Problem being we’re just down the street from Mario’s Villa, the pizza restaurant. Their slogan? “Best Pizza in the Tri-County Area!!!!!” With five exclamation points.

About a week later, I was having lunch at The Evergreen, sitting at my usual table by the front window. As I gazed across the street at the park, a man suddenly appeared on the street side of the window. He pointed at me and smiled and walked the in through the door of the pub.

It was the owner of Mario’s Villa.

“Ah, Mr. Whitfield, Mario Barstardi. Sorry to interrupt your lunch. Might I have a word?” he said as he sat down across from me.

“Yes, certainly. Can I order you some lunch?”

“Oh no, thank you. I’ll just be a minute,” he said.

“What can I do for you, Mr. Bastardi?”

“You had a pizza party here last week,” he said.

“Yes, we did,” it was quite a success.”

“Mr. Whitfield, I’m glad your party was a success,” he said, “good for you. That is fine. But I know you are new here. I mean…Dankoville…you are and you aren’t,” he smiled. “The town is named after you but you’ve never really lived here. Summers as a boy, I believe. But you were here to stay with your relatives, this is not your hometown. Not even now, if I understand?” He smiled again.

“That’s true,” I acknowledged, nodding my head.

“And so, I don’t expect you to know the customs here, among the business community. We…cooperate rather than compete, you see?” He smiled.

“I’m all for cooperation among the local businesses,” I said.

“That is good to hear. Of course, I am not surprised, knowing your family here. Your Uncle Manuel – very good man, very good. Mushroom, pepper and onion. Of course now he takes the gluten free but back in the day…oh well. Twenty years ago, Manuel would have his pepper and onion but it would be sausage instead of mushroom. Oh yes. And your Uncle Chester, a crazy man yes but always very pleasant, anchovy, onion and extra cheese.” He smiled still again.

I smiled as I recognized my uncles’ taste buds. Mr. Bastardi knew his customers.

“Well, we obviously can’t compete with you in the pizza business, Mr. Bastardi,” I offered.

“There, you see!” he said. “But your pizza party, maybe you didn’t realize…that is direct competition for me now. The newspaper called your pizza the best in the Tri-County area.”

“They were quoting a customer –”

“Yes, I know. But THAT is MY slogan!” he shouted. The patrons at the other tables and at the bar looked over at us. Irv, the day bartender, looked over and pointed to Mr. Bastardi with a “Do you want me to throw him out?” look on his face. He seemed rather eager to do so. I shook my head no, trying to avoid Bastardi’s notice.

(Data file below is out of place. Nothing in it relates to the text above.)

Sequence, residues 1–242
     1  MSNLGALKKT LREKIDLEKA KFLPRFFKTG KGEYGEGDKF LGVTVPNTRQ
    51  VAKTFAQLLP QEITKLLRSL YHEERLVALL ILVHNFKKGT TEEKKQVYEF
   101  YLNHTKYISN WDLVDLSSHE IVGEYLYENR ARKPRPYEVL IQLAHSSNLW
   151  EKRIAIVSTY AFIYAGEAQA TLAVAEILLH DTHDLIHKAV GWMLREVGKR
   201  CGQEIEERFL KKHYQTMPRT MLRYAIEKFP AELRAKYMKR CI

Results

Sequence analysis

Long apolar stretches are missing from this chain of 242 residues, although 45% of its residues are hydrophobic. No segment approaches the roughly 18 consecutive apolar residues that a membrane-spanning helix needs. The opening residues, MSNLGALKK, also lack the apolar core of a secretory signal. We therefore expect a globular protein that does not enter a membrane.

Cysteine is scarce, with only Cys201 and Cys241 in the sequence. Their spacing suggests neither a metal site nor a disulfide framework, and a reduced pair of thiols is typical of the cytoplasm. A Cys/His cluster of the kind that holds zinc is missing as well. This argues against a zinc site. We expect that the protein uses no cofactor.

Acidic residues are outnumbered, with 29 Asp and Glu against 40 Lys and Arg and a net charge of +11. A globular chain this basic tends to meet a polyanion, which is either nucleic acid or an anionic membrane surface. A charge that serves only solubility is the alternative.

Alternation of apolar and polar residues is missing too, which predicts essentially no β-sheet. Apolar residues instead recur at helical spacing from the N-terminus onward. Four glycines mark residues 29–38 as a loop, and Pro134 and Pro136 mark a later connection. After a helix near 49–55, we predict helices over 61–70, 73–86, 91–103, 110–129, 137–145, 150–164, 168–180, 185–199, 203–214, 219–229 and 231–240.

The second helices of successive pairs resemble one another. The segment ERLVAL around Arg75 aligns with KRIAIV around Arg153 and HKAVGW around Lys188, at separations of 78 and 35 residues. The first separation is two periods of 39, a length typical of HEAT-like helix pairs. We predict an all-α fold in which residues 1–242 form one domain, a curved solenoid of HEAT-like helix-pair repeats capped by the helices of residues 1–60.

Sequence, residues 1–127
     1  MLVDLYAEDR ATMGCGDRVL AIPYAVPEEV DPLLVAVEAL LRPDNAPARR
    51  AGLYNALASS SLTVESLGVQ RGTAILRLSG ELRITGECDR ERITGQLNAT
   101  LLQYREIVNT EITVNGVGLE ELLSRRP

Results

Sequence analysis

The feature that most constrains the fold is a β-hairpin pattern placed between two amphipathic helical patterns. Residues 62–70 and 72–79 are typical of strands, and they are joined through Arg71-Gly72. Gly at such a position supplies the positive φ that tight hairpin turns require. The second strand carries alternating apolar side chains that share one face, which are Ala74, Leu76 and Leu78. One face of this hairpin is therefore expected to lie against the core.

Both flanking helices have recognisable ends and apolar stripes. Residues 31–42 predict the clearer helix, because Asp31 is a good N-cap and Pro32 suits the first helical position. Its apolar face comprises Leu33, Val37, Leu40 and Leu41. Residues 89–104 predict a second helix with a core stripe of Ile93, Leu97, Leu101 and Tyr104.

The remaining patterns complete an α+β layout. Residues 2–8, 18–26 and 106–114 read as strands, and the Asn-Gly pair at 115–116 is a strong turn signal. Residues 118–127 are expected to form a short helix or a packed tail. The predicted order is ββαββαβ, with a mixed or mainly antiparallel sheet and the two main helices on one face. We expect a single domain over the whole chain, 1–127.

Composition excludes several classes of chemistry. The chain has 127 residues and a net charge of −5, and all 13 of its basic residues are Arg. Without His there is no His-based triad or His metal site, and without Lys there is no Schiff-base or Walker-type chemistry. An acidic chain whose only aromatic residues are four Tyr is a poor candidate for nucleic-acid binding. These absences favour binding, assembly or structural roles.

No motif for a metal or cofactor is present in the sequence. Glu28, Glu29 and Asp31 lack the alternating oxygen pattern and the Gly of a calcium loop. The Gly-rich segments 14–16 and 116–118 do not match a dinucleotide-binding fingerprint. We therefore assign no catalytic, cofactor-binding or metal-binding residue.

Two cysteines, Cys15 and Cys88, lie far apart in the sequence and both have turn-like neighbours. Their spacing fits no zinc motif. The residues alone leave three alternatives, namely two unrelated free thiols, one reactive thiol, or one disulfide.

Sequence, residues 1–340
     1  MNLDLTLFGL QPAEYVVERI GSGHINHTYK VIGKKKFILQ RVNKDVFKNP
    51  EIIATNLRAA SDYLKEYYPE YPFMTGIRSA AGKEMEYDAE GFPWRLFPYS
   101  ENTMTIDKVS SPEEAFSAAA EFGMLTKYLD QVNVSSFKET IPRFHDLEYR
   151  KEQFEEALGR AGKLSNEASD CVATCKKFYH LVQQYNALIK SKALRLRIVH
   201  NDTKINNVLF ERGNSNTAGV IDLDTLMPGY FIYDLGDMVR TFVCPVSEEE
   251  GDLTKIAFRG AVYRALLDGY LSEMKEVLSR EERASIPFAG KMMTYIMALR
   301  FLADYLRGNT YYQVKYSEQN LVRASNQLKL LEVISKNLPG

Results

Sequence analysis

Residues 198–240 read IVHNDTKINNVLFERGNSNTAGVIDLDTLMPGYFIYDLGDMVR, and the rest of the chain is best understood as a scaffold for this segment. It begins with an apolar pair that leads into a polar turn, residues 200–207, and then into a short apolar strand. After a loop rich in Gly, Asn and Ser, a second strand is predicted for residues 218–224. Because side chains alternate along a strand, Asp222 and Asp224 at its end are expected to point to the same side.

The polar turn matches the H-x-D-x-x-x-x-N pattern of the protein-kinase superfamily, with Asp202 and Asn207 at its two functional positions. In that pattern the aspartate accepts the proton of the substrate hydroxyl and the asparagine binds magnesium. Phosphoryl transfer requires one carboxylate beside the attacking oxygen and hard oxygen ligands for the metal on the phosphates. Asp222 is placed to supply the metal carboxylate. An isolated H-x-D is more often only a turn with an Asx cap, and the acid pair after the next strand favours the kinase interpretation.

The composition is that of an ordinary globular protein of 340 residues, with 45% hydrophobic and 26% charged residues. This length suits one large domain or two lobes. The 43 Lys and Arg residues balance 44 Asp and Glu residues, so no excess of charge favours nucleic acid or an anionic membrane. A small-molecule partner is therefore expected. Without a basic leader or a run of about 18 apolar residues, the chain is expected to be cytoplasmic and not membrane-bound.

But he was too lost in what he was saying to notice. “That is DIRECT competition! THAT is what I am talking about,” he said with his voice still raised above normal level.

“Well yes, I understand,” I said quietly, “but there is nothing about our having pizza on the menu here that is an attack on your business. We do pub food here. Pizza is pub food.”

“Of course. But you are in the bar business. I am in the pizza business,” Bastardi replied. “I sell beer and wine but I don’t go out and say I have the best wine selection in town – even though I do – because that is not my business. Pizza is my business. I promote pizza. I make money on the beer and wine, sure but I don’t go out and compete with you who are in that business. I don’t market that. I market pizza. You sell beer, wine, the hard liquor and the rest. You market that. But you don’t market pizza. That is my area. That is how we do it here. You see?” He smiled again. I got the feeling Bastardi’s smiles do not necessarily denote happiness.

I hadn’t thought about anything like this at all when I bought the pub, so I was completely taken by surprise and really had to give this matter some thought before replying. So that’s what I told him. It wasn’t what he wanted to hear.

“What is there to consider? You market beer, I market pizza. Simple. You can sell pizza, I can sell beer. But we don’t market that. We don’t step on each other’s toes. You see?” He smiled. Of course.

It would have been nice to just say yes. But this was a business decision about my pub and Bastardi was right, I was new to this market. I didn’t want to ruffle any feathers but I wasn’t going to make a decision to not market a popular item just because another business wanted me to. I had to look into this.

“I will give it some thought and be in touch,” I said.

“You do that, Mr. Whitfield.”

He smiled. And got up and left.

If I knew then what I know now, I would have initiated a pre-emptive strike in The Great Pizza War. But I was new in town, I was naive about people.

And so I didn’t realize then that Mario Bastardi had just fired a warning shot.